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Monday, January 17, 2011
Georgia Prison Strike Summary
On the morning of Thursday Dec 9th, thousands of inmates in six prisons in Georgia refused to leave their cells or go their work assignments. This non-violent sit-down protest lasted 6 days and has been recognized as the largest prison strike in US history. The organizing effort continues to this day. According to one inmate interviewed by Atlanta Journal-Constitution, the prisoners only called off the strike because officials couldn't respond to the striker's demands while they were on strike. Officials were faced with hiring outside workers to maintain the prison, which normally depends on unpaid inmate labor to function.
Some inmate organizers remain on strike and a number of outside groups, including the NAACP and newly formed Concerned Coalition to Respect Prisoners’ Rights (CCRPR) are calling for reviews of the system from the outside. Georgia Department of Corrections (DOC) have not publically acknowledged the striker or their demands.
The strikers compare conditions in GA prisons with being treated like animals and slaves. Their demands include a living wage for work, educational and self-improvement opportunities, decent healthcare, decent living conditions, nutritional meals, access to families and just parole decisions. The strike comes after months of deteriorating conditions and over-crowding in GA prisons, where budget cuts have led some wardens to begin triple-bunking prisoners. Similar conditions exist in prisons nationwide, including many of Ohio’s 31 prisons.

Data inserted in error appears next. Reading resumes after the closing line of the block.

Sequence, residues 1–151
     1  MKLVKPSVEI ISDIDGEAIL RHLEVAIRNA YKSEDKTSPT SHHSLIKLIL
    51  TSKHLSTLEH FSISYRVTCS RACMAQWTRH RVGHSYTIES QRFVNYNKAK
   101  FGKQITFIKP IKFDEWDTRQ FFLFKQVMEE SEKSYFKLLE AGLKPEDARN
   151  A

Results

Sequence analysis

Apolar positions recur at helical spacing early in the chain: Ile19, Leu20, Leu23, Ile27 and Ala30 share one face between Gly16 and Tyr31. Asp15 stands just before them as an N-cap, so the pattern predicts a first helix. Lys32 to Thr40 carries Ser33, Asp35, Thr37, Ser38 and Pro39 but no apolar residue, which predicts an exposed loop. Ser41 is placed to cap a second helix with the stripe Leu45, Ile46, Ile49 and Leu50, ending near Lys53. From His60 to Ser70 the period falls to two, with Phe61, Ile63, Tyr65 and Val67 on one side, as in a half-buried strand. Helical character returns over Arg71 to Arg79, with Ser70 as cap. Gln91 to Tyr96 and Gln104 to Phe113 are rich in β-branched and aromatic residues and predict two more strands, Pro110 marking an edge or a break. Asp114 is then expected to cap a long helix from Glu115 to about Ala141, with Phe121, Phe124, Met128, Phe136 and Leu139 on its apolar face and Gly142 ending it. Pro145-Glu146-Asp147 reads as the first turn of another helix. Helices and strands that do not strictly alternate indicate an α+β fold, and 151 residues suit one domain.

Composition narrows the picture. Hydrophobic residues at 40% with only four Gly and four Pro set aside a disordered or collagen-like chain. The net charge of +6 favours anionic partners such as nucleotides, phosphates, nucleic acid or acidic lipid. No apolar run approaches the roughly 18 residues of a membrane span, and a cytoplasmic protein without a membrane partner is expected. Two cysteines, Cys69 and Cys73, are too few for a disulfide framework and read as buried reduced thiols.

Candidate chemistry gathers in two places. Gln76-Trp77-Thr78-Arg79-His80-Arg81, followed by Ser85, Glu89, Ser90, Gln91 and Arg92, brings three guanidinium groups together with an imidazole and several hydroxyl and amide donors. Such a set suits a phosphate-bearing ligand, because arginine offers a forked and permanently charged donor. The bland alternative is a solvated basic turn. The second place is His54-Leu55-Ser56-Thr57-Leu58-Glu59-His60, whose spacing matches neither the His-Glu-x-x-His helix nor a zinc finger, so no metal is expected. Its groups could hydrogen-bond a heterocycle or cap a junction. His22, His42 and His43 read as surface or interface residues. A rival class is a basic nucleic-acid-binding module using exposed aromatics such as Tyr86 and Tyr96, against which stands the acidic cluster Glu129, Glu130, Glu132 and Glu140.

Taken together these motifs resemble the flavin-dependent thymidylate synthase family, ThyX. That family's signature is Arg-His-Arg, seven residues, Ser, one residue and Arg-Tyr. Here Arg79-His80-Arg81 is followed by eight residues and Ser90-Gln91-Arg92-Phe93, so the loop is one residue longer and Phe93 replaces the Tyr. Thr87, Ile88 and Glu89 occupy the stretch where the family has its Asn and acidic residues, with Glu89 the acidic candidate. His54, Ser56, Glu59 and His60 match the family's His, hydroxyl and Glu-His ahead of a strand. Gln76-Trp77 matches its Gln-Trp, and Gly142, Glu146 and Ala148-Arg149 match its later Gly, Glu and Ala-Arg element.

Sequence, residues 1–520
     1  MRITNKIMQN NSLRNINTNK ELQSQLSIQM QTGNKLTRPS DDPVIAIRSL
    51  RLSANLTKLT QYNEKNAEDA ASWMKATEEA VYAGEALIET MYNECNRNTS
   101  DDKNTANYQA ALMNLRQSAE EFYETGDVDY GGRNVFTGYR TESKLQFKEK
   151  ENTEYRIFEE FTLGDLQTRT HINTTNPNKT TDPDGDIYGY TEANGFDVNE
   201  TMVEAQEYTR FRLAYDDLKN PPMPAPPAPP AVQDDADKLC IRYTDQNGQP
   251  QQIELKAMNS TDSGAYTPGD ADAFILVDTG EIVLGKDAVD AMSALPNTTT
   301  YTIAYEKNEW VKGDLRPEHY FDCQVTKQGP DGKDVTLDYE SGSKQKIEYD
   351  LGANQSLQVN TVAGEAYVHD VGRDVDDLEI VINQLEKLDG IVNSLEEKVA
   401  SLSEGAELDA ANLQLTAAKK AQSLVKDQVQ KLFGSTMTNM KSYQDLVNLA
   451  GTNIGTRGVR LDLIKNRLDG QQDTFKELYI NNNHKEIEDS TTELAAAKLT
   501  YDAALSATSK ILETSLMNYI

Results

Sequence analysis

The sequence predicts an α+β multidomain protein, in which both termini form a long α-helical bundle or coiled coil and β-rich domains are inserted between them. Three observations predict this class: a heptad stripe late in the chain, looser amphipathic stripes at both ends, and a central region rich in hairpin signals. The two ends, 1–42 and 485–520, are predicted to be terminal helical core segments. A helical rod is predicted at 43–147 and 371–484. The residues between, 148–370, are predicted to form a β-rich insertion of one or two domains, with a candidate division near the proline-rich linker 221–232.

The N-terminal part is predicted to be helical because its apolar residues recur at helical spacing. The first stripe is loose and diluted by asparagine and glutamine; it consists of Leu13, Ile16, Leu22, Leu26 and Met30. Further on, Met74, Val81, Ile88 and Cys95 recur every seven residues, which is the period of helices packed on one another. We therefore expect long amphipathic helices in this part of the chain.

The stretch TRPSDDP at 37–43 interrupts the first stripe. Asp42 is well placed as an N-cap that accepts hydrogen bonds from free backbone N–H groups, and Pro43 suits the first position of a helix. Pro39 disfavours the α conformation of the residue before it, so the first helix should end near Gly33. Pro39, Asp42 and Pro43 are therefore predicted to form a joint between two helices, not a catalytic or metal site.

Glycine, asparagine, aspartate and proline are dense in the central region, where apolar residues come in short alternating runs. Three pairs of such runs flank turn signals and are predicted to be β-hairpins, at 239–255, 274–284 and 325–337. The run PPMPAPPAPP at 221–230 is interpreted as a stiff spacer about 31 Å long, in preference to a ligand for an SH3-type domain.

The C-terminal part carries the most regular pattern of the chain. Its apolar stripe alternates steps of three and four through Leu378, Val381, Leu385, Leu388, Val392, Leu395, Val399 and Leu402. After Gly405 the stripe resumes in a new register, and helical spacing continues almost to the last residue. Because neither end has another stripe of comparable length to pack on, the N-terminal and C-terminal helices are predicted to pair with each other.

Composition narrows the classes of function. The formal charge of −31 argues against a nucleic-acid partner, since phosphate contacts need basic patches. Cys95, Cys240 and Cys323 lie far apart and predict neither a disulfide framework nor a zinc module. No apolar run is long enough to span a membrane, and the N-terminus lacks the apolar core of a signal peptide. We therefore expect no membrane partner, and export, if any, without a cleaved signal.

This prisoner strike is not only unique or historical in terms of size-- the organizing effort is also unprecedented in its racial diversity and apparent lack of structured leadership.
The strike included many racial and religious groups. Prison life is typically plagued with violent racial conflict. Some former inmates and prisoner advocates have long argued that prison officials encourage this racial factionalism to prevent unity and facilitate control of the inmate population. An interview with an anonymous striker in Black Adgenda Report supports these claims "They want to break up the unity we have here... We have the Crips and the Bloods, we have the Muslims, we have the head Mexicans, and we have the Aryans all with a peaceful understanding, all on common ground."
Elaine Brown, former Black Panther and founder of the National Alliance for Radical Prison Reform has been the public spokesperson for the strike. She maintains that the prison strike was self-organized on the inside. Inmates contacted her after getting organized for help publicizing the strike and drafting the list of demands. Much of the organizing effort was coordinated via contraband cellphones.
When the strike started officials put the prisons on “lock-down” confining inmates to their cells, denying visitation, telephone and commissary access. Four days later the Georgia Department of Corrections issued a press release that claimed the strike was a small protest but that lockdown would remain in effect until security assessments were completed. Inmates maintain that the lockdown was unnecessary as strike was non-violent. One 20-year old inmate at Hayes State Prison insisted "we locked ourselves down” when interviewed by the New York Times.